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Re: Public releases prefixes off-by-default (was RE: Unprefixing CSS properties)

From: Brad Kemper <brad.kemper@gmail.com>
Date: Thu, 17 Nov 2011 13:37:18 -0800
Message-Id: <E049A820-F74C-4064-9668-F3CFF51A8ED9@gmail.com>
Cc: "robert@ocallahan.org" <robert@ocallahan.org>, "Tab Atkins Jr." <jackalmage@gmail.com>, www-style <www-style@w3.org>
To: Brian Manthos <brianman@microsoft.com>
On Nov 17, 2011, at 11:23 AM, Brian Manthos <brianman@microsoft.com> wrote:

> Tab:
>>> I believe that we browsers shouldn't expose prefixed
>>> properties in our public versions.  Exposing them in betas or
>>> nightlies still lets people experiment with the features without them
>>> showing up in publicly-exposed websites or adopted as valid practices.
>>> 
>>> We've discussed this seriously within Chrome, and I believe roc likes
>>> this as well.  There are difficulties with it (convincing the release
>>> engineers to accept pushing an untested binary to beta because we
>>> switched off some prefixed features), but I think it's doable.
> 
> Rob:
>> I think it's a good idea overall. I would relax it slightly to say that
>> "browsers shouldn't expose prefixed properties in our public versions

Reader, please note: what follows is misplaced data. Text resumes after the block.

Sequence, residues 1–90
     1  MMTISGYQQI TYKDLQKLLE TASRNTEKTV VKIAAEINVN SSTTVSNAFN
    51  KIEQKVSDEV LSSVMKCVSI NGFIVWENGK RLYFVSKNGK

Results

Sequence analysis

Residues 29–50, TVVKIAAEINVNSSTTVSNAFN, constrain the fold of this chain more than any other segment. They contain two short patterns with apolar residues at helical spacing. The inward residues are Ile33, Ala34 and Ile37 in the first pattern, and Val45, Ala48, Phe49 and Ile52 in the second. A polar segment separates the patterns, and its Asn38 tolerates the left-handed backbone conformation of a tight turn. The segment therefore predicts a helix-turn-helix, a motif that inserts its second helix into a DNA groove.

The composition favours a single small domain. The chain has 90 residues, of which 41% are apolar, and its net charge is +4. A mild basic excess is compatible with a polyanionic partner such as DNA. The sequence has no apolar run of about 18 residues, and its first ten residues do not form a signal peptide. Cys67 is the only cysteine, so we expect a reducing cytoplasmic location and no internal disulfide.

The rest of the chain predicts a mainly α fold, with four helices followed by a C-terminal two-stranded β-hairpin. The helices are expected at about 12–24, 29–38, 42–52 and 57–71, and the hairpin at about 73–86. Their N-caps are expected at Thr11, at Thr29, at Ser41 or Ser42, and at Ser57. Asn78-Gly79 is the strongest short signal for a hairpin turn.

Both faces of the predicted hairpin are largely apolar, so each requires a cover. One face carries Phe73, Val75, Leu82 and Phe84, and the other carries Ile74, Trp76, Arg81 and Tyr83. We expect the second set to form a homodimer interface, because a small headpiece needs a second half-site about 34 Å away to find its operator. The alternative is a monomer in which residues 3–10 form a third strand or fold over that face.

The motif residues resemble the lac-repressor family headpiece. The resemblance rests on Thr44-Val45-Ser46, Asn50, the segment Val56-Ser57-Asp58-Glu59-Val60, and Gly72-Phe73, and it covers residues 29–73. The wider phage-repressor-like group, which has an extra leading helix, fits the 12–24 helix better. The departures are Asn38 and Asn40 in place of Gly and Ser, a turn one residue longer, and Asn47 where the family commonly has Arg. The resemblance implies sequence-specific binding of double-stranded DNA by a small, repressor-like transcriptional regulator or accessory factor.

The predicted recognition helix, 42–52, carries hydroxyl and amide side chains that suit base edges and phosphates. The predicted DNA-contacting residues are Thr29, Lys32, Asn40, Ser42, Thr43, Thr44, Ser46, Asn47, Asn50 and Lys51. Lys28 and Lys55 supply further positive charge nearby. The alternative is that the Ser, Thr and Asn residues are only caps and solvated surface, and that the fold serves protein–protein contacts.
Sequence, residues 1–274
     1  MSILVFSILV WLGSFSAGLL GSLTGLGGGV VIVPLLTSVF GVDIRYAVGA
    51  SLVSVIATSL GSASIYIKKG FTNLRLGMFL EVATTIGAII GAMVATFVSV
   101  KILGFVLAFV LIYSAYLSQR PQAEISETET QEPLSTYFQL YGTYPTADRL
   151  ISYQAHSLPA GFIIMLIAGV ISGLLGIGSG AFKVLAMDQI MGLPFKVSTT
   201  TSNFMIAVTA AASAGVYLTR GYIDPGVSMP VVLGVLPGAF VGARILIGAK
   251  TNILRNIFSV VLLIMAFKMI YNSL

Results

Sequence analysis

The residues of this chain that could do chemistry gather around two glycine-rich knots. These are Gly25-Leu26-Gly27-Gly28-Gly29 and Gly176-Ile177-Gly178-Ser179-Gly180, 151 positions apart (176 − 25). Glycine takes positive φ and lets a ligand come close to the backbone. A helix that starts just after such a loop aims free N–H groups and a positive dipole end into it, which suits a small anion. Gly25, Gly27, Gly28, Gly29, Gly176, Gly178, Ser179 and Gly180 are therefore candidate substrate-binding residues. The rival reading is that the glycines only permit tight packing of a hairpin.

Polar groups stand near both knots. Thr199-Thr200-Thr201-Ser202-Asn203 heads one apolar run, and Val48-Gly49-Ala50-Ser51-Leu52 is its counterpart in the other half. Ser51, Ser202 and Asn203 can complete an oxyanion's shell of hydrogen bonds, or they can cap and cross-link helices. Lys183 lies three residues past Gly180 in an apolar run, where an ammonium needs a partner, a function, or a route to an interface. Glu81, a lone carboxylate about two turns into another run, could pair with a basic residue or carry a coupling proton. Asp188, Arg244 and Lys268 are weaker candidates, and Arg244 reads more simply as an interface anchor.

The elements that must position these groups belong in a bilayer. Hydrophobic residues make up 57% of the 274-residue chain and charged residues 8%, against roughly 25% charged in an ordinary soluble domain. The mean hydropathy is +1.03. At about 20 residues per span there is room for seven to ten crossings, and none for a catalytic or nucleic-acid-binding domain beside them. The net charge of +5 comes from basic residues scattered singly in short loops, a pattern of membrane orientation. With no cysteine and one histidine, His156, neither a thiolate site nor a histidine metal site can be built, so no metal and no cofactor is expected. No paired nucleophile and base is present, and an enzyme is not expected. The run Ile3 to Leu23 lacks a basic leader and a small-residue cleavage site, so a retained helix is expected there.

>> *by default*." Both Firefox and Chrome routinely ship experimental stuff
>> in release builds but disabled by default, explicitly enablable by the
>> user. This reduces the risk of changing the binaries you ship, and lets
>> authors more easily access the experimental features.
> 
> 
> What's stopping Firefox and WebKit from doing this today (all prefixed properties are off-by-default in public versions)?
> 
> W3C / CSSWG policies aren't prohibiting such behavior.
> 
> If it's the right thing to do, why not flip the switch today?

An armed rebellion from Web authors if that ever happened. In spite of all the protests about prefixing, we'd all rather have that mess than to not have the features at all. Otherwise, we wouldn't bother using them until the prefix was dropped. Authors DO use the prefixed properties and values. They squawk, but use them all the same. 

Which is not to say that improvements to the process are impossible, but throwing out the baby with the bath water is not a good solution. 
Received on Thursday, 17 November 2011 21:38:09 GMT

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